Breaking news of the resignation of Asbury Park City Manager Donna Vieiro. The article also offers highlights of her administration.

In a memo to the Mayor and Council, Donna Vieiro, Asbury Park’s City Manager, has resigned as of December 31, 2023, giving the Mayor and Council more than six months to find a replacement.

Vieiro stated, “It has been a privilege to work with all the amazing and dedicated staff members of the City as well as Mayor and Council. Throughout my tenure, as a team, we have had many accomplishments and have continued to prioritize the quality of life for our residents and businesses. It has been my pleasure to serve the community of Asbury Park and I wish you all much success with all your future endeavors.”

It has been my pleasure to serve the community of Asbury Park and I wish you all much success with all your future endeavors.

Donna Vieiro
Asbury Park City Manager Donna Vieiro at Spray Park opening

Vieiro was hired as Interim City Manager in December of 2019 after the former City Manager Michael Capabianco resigned. Capabianco brought Vieiro on as a consultant to assist with the Budget Committee and manage special projects after she left her former post in Holmdel in a public split. Her position was made permanent in July of 2020.

With a no nonsense, no showboating demeanor, Vieiro quietly ran a sometimes-contentious City. She was a hired by a Mayor and Council that had gone through four previous City Managers since 2013 (Reidy, Kelly, Nuccio, and Capabianco).

Mayor Moor confirms that Vieiro resigned and gave six months’ notice, underscoring that contractually she was only obligated to give three months. “She was a good City Manager and we’re going to miss her. I think she did a great job for the City in some really trying times. I wish her well,” Moor emphasized.

She was a good City Manager and we’re going to miss her. I think she did a great job for the city in some really trying times. I wish her well.

Mayor John Moor

There are many issues that Vieiro as the City Manager had to face in the City of Asbury Park during the last four years, but here are some of the top five she had to navigate:

  • The COVID-19 pandemic and Asbury’s economic recovery: Hit hard by the lockdowns and restrictions that affected its tourism and hospitality industry, the City had to find ways to support its local businesses and workers, as well as attract visitors back to its beaches, boardwalk and downtown. It was uncharted territory, and Vieiro played a key role in developing and instituting the policies and procedures to keep the government and City up and running and safe.
  • Affordable housing and gentrification: A surge in development and investment, especially on the east side near the ocean, and increased property values and rents. This creates a challenge for low-income and minority residents, who face displacement or exclusion from the city’s revitalization. Most notable was Vieiro’s oversight of the creation and administration of rent control in Asbury Park.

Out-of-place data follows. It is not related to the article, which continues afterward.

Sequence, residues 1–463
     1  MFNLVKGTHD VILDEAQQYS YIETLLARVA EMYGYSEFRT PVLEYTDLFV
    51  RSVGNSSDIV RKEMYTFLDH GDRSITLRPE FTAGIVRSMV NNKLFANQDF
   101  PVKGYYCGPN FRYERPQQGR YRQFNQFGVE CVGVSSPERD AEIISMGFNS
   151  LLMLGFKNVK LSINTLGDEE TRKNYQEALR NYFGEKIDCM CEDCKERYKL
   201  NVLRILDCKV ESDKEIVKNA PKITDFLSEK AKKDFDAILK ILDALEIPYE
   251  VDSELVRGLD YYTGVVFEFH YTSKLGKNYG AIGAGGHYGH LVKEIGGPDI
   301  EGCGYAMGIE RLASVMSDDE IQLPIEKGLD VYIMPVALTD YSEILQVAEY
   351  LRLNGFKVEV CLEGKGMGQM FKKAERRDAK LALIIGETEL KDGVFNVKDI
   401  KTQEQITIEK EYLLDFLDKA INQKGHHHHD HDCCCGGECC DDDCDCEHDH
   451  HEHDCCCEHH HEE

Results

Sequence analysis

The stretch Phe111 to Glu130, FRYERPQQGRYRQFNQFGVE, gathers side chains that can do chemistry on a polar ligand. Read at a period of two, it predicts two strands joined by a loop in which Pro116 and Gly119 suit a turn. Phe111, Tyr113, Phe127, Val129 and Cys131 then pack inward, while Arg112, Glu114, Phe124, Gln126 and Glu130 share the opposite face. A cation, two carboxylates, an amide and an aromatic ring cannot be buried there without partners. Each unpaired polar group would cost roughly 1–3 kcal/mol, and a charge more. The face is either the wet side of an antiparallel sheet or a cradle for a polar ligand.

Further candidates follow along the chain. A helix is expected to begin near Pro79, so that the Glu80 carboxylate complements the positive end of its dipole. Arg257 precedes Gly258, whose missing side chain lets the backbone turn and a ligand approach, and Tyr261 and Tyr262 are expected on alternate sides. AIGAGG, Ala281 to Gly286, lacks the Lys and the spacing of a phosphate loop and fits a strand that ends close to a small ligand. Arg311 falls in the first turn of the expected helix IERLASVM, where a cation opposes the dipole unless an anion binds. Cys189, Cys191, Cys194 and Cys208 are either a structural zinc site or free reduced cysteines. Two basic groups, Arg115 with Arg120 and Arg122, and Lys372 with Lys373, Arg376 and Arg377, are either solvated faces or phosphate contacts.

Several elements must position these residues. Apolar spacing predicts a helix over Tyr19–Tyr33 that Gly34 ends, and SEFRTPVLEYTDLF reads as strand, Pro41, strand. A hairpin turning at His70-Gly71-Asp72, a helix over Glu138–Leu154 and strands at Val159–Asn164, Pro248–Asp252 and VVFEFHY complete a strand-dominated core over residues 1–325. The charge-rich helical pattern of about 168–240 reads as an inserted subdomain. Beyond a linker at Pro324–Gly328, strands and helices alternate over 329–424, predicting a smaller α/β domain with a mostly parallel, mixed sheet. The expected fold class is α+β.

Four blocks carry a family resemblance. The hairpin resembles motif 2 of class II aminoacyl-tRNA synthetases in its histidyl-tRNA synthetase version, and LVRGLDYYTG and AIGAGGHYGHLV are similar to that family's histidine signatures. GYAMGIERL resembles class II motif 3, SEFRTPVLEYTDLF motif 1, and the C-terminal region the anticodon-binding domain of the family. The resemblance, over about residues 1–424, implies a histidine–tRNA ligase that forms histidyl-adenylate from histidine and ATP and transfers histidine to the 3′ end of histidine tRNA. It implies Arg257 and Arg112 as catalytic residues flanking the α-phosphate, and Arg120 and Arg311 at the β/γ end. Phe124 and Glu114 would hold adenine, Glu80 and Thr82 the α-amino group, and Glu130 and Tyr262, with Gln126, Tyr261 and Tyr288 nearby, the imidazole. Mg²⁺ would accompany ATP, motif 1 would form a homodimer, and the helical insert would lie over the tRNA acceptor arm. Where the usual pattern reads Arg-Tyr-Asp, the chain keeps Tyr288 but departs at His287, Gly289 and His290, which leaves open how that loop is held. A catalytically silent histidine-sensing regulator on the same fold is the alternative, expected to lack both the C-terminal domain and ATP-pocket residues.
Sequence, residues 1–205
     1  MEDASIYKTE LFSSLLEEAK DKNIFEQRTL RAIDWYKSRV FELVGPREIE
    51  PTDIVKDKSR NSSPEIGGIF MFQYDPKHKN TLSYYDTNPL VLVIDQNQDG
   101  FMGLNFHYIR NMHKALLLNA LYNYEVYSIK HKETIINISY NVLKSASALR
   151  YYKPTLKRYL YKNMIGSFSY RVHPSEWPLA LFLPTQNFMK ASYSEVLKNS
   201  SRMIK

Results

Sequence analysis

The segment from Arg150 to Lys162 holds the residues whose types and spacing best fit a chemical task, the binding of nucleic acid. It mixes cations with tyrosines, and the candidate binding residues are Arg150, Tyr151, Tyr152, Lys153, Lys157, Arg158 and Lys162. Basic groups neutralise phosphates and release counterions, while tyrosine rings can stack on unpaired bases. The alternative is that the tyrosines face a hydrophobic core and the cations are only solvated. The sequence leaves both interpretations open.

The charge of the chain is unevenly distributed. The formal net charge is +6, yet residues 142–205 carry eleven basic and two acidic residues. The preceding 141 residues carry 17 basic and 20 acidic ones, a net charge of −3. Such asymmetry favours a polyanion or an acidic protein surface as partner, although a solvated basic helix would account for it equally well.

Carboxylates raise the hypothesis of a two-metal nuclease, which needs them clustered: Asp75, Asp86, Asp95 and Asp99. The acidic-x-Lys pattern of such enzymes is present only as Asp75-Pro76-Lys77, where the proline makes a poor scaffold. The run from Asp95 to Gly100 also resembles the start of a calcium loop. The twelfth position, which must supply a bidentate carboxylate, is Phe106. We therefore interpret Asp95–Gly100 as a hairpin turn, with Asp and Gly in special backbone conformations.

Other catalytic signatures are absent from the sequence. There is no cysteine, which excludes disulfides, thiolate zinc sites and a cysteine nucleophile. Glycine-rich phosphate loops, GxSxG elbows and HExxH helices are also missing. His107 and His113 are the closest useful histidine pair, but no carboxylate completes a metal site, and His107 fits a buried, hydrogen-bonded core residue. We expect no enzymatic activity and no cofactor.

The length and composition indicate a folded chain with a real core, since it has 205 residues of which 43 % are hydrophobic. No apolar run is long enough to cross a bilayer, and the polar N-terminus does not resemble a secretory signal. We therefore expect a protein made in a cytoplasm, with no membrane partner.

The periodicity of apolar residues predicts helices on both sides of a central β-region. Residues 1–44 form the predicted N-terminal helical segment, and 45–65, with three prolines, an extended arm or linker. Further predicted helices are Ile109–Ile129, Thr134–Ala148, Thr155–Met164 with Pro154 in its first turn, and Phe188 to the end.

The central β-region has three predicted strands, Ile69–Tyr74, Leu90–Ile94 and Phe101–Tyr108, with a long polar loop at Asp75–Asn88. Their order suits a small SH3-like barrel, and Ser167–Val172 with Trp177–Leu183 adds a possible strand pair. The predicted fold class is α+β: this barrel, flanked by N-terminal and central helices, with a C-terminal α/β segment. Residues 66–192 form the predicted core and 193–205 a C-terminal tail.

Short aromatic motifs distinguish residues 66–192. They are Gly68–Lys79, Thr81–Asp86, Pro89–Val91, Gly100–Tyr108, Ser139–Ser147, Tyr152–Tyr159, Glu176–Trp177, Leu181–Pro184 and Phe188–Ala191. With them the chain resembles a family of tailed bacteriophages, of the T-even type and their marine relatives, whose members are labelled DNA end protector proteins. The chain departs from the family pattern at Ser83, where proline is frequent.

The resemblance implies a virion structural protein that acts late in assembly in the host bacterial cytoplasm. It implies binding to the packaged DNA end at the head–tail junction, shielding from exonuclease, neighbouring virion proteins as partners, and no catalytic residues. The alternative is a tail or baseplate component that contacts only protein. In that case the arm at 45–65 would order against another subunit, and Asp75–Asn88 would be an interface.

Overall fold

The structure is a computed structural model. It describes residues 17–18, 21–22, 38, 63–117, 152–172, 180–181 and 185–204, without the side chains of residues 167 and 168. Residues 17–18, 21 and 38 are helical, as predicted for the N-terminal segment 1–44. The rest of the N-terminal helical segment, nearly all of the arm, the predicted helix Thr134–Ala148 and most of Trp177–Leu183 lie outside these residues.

• Racial justice and police reform: The City has a history of racial tension and inequality, including the 1970 riots that divided the city along racial lines. Asbury Park faces criticism for its police department’s practices and policies, especially after the 2019 shooting of Hasani Best, a Black man who was killed by a police officer during a domestic dispute. Vieiro was City Manager when thousands of people peacefully rallied at the Municipal building and marched throughout town in Asbury’s George Floyd Rally and Protest March against police brutality in one of the largest showings in the state of New Jersey.
  • Environmental sustainability and resilience: Asbury Park is vulnerable to the impacts of climate change, such as sea level rise, coastal erosion, flooding and storms. The City has adopted a green team and a sustainability committee to promote environmental awareness and action. It was Vieiro who ushered in the redesigned beach and new boardwalk at the North End of Asbury Park, assuring that the will of the community override an outdated dated plan that took away public access.
  • Arts and culture: As the top administrator of the City, Vieiro has thrown her support behind local artists and cultural organizations through various programs and initiatives, such as the Public Arts Commission, the mural project, the film challenge, music foundations, the library expansion, and the Arts Council. The City also hosts numerous festivals and events that celebrate its artistic heritage and diversity, such as Juneteenth, the Sea.Hear.Now festival, the Asbury Park Music + Film Festival, the Asbury Park Pride Parade, and the AsburyFest.

She also oversaw the Participatory Budgeting Process that enabled residents to decide how to spend $250,000 earmarked for community projects. From 2019 to 2023, under Vieiro’s helm, the municipal budget grew 11% from $47,448,000 to $52,788,000 according to the City’s website.

Vieiro previously served as the Township Administrator of Holmdel and as the Municipal Manager in Franklin Township. She holds a Master’s degree in public administration from Rutgers University.

Kerry Margaret Butch is a founding member of the Asbury Park Reporter. Throughout her career, she worked to increase grassroots input in local public policy. She served as the Executive Director of both the Asbury Park Consortium and the League of Women Voters of New Jersey. Notably, she produced the documentaries entitled, “Greetings from Asbury Park,” shown throughout the country and on PBS, and “Storming for the Vote: Hurricane Sandy and the Election.”

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